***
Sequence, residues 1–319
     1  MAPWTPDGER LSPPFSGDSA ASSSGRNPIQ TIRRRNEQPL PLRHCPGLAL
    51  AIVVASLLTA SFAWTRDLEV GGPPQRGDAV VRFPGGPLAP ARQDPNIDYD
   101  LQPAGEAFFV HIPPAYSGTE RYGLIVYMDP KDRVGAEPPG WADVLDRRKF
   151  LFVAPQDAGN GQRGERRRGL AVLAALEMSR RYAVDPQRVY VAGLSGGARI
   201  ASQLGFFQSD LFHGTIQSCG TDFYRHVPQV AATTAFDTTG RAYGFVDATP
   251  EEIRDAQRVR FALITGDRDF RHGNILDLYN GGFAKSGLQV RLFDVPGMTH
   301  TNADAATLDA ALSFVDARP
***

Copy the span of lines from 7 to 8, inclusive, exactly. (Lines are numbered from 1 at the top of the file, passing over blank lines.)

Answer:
   251  EEIRDAQRVR FALITGDRDF RHGNILDLYN GGFAKSGLQV RLFDVPGMTH
   301  TNADAATLDA ALSFVDARP